Steve Reid has been hitting the skins for a long time now. With a career spanning over four decades, he's worked with everyone from Sun Ra to James Brown. He's drummed with Lester Bowie, Miles Davis, Charles Tyler, Arthur Blythe, and Ornette Coleman, among others. He spent time in jail during the Vietnam war for being a conscientious objector, and spent time in West Africa, playing and learning the music of Ghana and Nigeria. Needless to say, Reid has already had a long and varied career, and just to show he's not ready to slow down, he's teamed up with rising star electronic musician Kieren Hebden for a couple releases. Spirit Walk is the first of two releases featuring the two to be released (with another to follow next year), and it mixes the familiar framework of Steve Reid's work with a bit of electronic squiggling from Hebden.
For much of Spirit Walk, one might even be a bit hard pressed to hear the contributions of Hebden, as many tracks seem to be straight-up jazz workouts from a polished group of players. Album opener "Lugano" busts out of the gates with a bunch of horns and swaggering upright bass while Reid cranks the kit and tracks like "For Coltrane" swerve with a thick organ and horn groove that recalls the work of the master mentioned in the title. In other places, though, Hebden definitely presence known, and it's mostly when the group goes a bit more freestyle.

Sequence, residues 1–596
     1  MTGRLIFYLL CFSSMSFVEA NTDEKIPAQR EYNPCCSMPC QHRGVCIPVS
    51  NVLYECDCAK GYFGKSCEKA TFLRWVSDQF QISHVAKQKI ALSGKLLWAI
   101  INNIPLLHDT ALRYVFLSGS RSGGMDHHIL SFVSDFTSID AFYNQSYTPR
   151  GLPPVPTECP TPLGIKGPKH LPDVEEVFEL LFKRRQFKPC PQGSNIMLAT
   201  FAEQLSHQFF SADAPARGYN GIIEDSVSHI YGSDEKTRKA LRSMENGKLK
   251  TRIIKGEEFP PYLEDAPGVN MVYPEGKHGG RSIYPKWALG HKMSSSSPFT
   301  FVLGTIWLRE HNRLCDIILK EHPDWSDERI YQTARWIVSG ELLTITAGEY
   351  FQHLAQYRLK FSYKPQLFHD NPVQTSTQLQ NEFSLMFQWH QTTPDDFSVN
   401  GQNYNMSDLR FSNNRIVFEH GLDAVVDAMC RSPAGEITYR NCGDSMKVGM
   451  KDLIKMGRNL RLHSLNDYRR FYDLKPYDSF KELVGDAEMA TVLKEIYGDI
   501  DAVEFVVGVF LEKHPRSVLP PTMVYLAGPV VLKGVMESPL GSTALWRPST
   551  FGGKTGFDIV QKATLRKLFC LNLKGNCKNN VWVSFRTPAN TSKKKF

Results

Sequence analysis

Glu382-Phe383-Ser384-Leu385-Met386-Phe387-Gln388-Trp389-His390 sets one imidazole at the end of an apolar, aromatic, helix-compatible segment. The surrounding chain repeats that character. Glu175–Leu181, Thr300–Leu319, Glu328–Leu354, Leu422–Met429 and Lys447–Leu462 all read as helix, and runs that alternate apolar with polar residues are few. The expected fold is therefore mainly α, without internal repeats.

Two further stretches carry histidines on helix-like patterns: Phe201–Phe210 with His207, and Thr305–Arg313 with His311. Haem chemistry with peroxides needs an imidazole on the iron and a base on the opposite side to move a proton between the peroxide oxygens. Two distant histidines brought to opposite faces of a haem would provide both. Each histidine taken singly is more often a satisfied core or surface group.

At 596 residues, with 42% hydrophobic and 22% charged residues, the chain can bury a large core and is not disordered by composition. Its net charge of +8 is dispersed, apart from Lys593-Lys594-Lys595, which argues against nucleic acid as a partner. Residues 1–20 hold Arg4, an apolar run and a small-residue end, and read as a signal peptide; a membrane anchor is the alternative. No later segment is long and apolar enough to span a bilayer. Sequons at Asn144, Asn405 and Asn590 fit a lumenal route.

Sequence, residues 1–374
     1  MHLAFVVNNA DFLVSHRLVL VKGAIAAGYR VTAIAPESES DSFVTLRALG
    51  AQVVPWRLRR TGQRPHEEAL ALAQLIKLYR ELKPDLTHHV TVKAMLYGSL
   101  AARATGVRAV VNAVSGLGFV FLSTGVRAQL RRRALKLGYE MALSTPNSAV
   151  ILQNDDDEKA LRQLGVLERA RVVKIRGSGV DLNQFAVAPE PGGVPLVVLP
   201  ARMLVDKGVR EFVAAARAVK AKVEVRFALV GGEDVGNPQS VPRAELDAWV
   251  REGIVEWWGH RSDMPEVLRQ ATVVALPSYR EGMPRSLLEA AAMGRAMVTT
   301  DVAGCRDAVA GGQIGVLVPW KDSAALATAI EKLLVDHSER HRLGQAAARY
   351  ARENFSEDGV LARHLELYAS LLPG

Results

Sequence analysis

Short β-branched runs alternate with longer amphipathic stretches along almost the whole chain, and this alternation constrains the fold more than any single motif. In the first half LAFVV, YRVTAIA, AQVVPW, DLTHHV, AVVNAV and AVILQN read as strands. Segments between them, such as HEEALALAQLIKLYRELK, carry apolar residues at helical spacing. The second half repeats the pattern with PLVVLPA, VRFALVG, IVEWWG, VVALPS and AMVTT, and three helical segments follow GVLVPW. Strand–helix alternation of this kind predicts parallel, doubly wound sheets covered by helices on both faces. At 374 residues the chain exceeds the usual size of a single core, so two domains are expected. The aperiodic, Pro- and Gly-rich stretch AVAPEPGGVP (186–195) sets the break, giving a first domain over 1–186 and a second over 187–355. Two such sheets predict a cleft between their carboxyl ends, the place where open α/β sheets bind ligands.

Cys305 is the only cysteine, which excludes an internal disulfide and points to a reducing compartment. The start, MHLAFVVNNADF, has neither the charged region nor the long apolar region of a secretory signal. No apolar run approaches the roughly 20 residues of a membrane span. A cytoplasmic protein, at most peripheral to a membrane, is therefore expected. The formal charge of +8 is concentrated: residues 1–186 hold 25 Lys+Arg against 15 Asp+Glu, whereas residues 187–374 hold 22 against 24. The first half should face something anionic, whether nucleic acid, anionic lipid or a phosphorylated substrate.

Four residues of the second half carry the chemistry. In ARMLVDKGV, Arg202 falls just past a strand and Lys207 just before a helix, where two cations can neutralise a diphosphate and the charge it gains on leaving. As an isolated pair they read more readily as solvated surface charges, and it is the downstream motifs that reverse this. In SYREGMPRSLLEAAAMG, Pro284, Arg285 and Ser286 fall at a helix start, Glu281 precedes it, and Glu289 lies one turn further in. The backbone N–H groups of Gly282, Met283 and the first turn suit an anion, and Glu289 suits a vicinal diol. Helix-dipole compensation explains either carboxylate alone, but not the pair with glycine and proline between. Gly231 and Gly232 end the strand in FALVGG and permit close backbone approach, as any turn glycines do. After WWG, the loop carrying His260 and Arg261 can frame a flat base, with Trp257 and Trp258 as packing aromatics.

"Drum Story" is the most blatant of these tracks, and arriving second on the album it may come as a bit of a surprise to listeners following on the heels of the more standard opener. At almost fifteen minutes in running length, the track is an almost freeform musical rant, with ambient blippy sections giving way to pummeling rhythmic freakouts and spoken-word passages taking on government and social structures. It's one of the only tracks on the release where the fabled billing (of Reid and Hebden) actually feels like an actual give and take, with Mr. Four Tet ebbing and flowing his glitchery to coincide nicely with the rest of the instrumentation.
In other places, there's more of a blend between the two, and those seem to be the tracks that work the best. "Lions Of Judah" is an awesome eight minute workout that's probably the single best track on the album, with everyone seemingly locked in tight with one another, while the closing track of "Unity" is another nine minute bomb that builds with intense instrumentation and some crazy outbursts from Hebden. Running almost seventy minutes in length, Spirit Walk could have probably been trimmed a smidgen in places, but overall it's an exciting effort from an artist who shows he isn't afraid to collaborate with the youngsters and see where it goes.